He shows audience that its about hard work and modesty rather than family connections. Ron is always seeming to get beat up in the movies and stories. Ron is also selfless and generous and since he has so many traits that makes him a round character. 8. Flat: Cho Chang - Cho Chang is a very flat character because all he does is play Quidditch and is very good at it.
He usually did not keep any material wealth, contrary to what capitalist system encourages. Instead, he focused on prosocial spending in order to create memories. Even further, he did not keep anything from his trips. The only thing he kept was his pipe and his pen, symbolically indicating he obsession with philosophy and dedication to living for his enjoyment. Similar to the Adam Smith's Wealth of Nations where living in pursuit of personal interests generates a greater good for everyone, Sartre's pursuit of selfish motives regularly brought enjoyment for people around him.
Nick Carraway is an ordinary name and has no special strengths to it. His life revolved around Gatsby, becoming involved with Daisy, Tom, and Jordan. Nick envied Gatsby and the mystery surrounding him. “Their close relationship finally results in Nick 's decision to have Gatsby 's story told in the first place. His caring personality is very visibly reflected also in Nick 's first and last name” (Avsenak).
With the realization that dry use of reason was no good for the overall development of mankind but only lead to an upsurge in hunger for power and likes of it, crept in the demands to a fuller and healthier perception of education and lifestyle. This would be the point of disruption that I mentioned
Yet, Gatsby doesn’t care much about who’s around and still wants them to enjoy of what he has, showing his generosity. Unusually, Nick is the only person who’s been invited and introduced to Gatsby. “ Some time before he introduced himself I’d got a strong impression that he was picking his words with care”. Here, the author realizes the unnatural act of Gatsby. This directly shows that he has been practicing using his elegant sentences to convince people he’s an old wealth.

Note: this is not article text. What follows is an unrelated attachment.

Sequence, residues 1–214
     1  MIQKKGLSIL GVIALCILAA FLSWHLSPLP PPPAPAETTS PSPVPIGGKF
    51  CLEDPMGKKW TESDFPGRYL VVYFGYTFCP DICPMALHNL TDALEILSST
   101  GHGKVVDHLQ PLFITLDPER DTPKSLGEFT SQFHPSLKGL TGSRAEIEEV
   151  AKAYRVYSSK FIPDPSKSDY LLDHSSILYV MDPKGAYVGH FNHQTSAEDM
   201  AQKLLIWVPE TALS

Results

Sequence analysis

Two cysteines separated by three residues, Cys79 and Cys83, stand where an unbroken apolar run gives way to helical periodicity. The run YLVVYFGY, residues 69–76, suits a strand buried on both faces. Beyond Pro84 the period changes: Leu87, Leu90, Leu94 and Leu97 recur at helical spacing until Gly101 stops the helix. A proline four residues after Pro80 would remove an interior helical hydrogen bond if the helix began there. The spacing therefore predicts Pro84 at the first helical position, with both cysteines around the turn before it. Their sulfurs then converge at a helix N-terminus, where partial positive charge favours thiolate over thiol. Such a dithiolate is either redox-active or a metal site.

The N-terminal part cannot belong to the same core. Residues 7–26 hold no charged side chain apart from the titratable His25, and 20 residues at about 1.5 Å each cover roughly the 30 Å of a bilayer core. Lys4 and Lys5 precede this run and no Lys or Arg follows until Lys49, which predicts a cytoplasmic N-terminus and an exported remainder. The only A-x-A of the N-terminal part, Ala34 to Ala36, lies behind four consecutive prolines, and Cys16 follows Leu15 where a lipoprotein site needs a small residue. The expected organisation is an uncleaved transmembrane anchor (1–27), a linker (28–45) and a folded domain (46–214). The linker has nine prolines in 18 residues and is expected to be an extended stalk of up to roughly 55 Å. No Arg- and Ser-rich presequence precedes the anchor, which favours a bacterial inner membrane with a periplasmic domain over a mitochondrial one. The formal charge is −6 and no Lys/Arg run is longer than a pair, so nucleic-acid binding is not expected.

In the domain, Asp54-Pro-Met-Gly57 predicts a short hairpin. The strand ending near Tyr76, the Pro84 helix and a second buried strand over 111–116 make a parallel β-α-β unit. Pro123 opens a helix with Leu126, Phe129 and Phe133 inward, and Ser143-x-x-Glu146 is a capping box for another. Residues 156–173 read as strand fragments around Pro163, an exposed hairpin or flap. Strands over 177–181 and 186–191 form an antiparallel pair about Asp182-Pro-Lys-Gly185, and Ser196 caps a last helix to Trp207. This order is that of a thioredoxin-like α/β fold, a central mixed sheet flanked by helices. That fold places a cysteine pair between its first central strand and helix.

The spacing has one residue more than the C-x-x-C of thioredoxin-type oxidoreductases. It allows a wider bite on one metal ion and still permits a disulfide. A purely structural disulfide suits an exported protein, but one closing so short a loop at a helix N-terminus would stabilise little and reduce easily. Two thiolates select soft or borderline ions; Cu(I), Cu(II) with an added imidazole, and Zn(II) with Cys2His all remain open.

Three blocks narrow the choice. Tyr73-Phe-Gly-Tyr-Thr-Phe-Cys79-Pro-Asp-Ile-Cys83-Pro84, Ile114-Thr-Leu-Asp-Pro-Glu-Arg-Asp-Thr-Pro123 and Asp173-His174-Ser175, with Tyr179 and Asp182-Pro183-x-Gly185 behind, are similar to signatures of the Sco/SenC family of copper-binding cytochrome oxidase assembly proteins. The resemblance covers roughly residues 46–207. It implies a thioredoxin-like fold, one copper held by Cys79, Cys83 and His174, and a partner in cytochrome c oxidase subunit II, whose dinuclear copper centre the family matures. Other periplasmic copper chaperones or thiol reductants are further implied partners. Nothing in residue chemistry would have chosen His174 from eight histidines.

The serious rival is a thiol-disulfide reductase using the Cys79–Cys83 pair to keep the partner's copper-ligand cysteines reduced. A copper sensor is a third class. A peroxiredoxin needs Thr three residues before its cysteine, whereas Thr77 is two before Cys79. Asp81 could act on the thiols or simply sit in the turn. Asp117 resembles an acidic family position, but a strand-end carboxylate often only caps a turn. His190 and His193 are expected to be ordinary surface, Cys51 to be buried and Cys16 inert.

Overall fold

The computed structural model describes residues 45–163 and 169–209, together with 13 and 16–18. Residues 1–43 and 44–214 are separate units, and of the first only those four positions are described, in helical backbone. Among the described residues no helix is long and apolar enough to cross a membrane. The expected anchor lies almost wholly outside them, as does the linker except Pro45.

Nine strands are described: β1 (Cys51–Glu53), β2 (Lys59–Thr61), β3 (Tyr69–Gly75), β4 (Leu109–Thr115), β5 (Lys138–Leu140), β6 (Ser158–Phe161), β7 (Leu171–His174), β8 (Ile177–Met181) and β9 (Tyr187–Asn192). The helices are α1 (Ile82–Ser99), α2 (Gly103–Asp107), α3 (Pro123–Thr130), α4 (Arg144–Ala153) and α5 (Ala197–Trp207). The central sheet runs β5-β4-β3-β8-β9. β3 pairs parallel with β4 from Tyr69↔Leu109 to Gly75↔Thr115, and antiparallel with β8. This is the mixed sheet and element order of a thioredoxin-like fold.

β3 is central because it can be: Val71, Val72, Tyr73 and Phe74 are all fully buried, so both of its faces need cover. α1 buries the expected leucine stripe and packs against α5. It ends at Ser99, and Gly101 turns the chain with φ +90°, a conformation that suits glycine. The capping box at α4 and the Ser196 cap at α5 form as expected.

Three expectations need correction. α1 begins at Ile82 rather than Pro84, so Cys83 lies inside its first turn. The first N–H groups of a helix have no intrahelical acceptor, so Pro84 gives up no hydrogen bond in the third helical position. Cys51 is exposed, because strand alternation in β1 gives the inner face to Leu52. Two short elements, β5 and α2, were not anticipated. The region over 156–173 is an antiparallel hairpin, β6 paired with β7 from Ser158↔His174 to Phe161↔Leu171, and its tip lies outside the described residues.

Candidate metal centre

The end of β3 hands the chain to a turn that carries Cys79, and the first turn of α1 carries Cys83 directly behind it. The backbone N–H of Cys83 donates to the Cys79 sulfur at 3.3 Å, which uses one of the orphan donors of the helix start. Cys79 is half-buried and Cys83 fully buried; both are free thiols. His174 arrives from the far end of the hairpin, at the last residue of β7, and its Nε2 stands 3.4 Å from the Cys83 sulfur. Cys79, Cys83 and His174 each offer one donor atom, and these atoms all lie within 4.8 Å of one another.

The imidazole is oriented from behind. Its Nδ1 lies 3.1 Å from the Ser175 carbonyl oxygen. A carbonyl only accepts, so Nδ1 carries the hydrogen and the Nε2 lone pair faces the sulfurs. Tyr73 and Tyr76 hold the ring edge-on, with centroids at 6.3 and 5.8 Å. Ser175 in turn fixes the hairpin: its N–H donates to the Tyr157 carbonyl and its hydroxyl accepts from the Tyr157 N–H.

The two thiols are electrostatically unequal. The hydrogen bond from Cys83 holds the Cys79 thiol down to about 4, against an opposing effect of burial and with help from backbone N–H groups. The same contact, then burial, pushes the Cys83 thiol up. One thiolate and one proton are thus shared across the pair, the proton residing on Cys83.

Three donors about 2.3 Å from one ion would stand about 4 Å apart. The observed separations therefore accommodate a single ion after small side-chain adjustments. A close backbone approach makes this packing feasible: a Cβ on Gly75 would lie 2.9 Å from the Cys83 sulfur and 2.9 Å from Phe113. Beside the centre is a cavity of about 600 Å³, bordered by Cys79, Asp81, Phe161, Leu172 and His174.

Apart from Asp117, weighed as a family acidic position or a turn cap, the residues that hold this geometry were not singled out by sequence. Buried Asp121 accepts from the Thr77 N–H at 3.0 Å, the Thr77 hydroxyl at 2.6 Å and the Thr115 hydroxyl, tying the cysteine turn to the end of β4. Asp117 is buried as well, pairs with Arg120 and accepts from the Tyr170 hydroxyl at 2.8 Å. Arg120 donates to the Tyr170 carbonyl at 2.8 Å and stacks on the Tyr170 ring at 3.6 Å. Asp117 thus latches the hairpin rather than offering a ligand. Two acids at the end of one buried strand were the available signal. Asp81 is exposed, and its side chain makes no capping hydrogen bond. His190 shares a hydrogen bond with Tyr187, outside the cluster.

Stephen Jay Gould once said, “Memory is a fascinating trickster. Words and images have enormous power and can easily displace actual experience over the years.” In the folktales that mentions Loki, his shapeshifting power creates a sense of power that dominates over everyone. As a trickster, having more power comes from lies and devious plans he creates and the outcome forms chaos that replaces manipulative. In the two tales Thor’s Stolen Hammer and Balder’s fate and Loki’s Downfall, Loki is a shapeshifting trickster who creates cunning plans and gives a mixed vibe to other people which later turns into chaos. Loki is one of the many tricksters who shapeshifts to display cunning characteristics.
Gatsby was full of passion and was an extremely generous man. He threw parties, that had a series of men and women of whom, would drink his alcohol and stay in his house. He never started fights with anyone, and preferred pleasing others. Nick analyzed that once Gatsby was gone, all the problems in West Egg has ceased. Nick reminisced by saying, “I spent my Saturday nights in New York, because those gleaming, dazzling parties of his were with me so vividly that I could still hear the music and the laughter, faint and incessant, from his garden, and the cars going up and down his drive” (179).